Bankruptcy leaves Puerto Rico facing hard times

In San Juan, chants of “the debt is illegal” and “colonial dictatorship” fill the morning air, as students from the University of Puerto Rico block a palm-lined avenue.
Across the street, a board of overseers imposed by Washington is meeting with student representatives to hear their demands as they mull ever deeper cuts to pull this “Greece of the Caribbean” out of bankruptcy.
To some, it’s a necessary corrective to get a stumbling Puerto Rico back on its feet.
But to others like Mariana de Alba, a 27-year-old law student at the protest, it all smacks of colonial subjugation.
“What they’ve come to do is to cut back the public budget and the island’s public services to give it to the big bond holders, to pay off a debt that we don’t even know whether it is legitimate,” she says.
The Financial Oversight and Management Board for Puerto Rico — made up of seven members appointed by the US president and one by the island’s governor — is tasked with getting a handle on the territory’s crushing $74 billion debt.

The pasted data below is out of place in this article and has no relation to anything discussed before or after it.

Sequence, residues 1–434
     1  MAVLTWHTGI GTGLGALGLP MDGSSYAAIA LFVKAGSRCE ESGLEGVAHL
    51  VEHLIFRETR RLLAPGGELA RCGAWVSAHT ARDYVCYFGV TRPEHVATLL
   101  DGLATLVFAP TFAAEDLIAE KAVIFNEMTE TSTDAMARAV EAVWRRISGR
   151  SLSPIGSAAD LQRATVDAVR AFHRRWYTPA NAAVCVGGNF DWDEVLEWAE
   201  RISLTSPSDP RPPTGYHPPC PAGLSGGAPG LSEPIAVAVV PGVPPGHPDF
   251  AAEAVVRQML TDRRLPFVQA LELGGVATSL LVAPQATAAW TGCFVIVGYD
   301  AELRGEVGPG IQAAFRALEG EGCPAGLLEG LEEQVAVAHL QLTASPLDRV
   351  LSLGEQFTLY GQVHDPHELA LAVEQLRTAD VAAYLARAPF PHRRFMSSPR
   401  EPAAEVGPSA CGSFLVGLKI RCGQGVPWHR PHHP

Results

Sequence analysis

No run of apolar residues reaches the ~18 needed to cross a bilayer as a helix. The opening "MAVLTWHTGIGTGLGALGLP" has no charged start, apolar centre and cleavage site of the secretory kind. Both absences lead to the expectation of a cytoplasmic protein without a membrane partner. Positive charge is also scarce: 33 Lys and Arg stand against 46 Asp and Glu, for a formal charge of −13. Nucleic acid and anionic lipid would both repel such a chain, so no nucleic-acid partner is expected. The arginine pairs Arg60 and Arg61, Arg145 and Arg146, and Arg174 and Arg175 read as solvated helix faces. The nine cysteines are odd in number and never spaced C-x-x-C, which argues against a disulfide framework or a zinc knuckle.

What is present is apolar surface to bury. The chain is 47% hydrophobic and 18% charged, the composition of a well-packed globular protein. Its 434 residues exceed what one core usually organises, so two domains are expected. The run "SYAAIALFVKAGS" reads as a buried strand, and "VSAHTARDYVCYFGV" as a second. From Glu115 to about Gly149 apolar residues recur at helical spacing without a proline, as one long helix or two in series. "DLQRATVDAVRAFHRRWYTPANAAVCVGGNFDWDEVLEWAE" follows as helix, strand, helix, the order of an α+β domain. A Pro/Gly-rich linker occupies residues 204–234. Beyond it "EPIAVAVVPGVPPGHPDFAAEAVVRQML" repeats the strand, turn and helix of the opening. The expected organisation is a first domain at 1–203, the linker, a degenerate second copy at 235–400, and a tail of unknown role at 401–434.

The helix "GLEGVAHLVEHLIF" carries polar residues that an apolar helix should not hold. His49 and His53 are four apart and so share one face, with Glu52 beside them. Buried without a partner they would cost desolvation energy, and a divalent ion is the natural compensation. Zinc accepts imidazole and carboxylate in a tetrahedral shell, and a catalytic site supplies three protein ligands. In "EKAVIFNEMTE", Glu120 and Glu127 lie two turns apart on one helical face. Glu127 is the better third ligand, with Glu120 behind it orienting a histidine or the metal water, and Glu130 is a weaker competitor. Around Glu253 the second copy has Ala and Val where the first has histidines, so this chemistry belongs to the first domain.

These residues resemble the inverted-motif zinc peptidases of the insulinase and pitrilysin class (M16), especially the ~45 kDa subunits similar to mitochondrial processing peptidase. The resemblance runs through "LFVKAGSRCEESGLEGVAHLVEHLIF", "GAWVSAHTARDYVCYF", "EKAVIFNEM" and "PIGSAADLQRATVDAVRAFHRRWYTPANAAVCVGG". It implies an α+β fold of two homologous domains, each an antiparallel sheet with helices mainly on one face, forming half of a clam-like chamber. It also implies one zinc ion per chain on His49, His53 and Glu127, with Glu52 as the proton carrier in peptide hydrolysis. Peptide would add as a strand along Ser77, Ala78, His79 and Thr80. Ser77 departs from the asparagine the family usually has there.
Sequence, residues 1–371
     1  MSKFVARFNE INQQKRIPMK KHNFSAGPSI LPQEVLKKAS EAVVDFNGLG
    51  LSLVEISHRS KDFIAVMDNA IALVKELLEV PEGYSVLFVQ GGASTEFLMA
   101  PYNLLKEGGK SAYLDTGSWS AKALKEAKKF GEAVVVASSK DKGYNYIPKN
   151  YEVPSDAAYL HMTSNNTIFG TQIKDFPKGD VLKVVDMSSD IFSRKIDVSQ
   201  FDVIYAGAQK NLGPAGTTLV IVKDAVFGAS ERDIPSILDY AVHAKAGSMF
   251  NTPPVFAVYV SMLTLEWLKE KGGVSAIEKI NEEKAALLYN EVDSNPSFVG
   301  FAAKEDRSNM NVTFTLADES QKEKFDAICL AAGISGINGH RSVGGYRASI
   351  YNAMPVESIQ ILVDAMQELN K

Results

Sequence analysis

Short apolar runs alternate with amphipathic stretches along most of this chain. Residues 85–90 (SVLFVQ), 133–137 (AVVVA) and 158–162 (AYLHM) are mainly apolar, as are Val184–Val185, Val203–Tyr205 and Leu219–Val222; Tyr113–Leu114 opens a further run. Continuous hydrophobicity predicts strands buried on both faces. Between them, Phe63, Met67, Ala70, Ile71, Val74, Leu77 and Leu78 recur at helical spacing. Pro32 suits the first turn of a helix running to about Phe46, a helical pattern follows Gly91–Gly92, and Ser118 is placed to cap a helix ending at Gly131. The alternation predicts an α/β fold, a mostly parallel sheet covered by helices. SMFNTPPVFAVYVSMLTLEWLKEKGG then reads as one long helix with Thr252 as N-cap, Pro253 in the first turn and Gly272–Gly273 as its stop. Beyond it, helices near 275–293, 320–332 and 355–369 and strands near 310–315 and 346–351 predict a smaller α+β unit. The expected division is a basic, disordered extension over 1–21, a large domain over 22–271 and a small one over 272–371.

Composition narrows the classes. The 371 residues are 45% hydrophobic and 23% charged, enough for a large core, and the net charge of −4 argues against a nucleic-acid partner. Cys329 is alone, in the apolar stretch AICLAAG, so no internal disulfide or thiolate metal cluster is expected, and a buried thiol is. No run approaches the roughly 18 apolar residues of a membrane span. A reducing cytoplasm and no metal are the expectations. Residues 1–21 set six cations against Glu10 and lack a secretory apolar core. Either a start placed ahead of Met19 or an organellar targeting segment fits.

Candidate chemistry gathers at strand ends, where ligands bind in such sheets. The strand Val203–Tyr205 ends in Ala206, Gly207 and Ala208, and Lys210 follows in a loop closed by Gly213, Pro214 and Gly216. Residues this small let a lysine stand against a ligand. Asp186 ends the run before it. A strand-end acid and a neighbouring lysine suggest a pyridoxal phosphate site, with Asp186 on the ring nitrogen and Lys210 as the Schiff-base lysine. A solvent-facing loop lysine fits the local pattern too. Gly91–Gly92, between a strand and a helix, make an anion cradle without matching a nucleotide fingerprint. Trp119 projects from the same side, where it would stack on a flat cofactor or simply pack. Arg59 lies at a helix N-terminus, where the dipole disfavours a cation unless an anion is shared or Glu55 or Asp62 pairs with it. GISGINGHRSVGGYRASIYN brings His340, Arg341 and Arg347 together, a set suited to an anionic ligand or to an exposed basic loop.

But in an island proud of a cultural identity expressed in its language, food and music, the board is widely seen as having an intolerable stranglehold on Puerto Rican life.
As in Greece, where the arrival of the European “troika” repulsed much of the population, Puerto Rico had long shrugged off the dangers of unrestrained borrowing — until the crash.
But unlike its Mediterranean counterpart, Puerto Rico is not independent.
A former Spanish colony that became an American territory at the end of the 19th century, the island of 3.5 million has had its own government since 1952 when it became a “free associated state,” or commonwealth, of the United States.
On Sunday, its inhabitants will vote on its relationship with the United States, in a non-binding referendum.
They can choose from three options — statehood, independence or another form of so-called “free association” or the status quo.
Even though Puerto Ricans are American citizens, they cannot vote in the US presidential elections.
As unemployment rose and recession set in, Puerto Ricans left the island in droves.
One in 10 Puerto Ricans emigrated over a 10-year period.
The exodus — a massive population shift that has left more Puerto Ricans in the United States than in Puerto Rico — aggravated the debt crisis by siphoning off the island’s tax base.
Unable to repay its creditors, Puerto Rico declared bankruptcy in early May.
The bankruptcy — the largest ever by a local US government — caused barely a ripple in the United States, but in Puerto Rico, it has fuelled joblessness and protests.
At the University of Puerto Rico, closed since the end of March by student protests, chairs and desks have been chained to its gated entrance.— AFP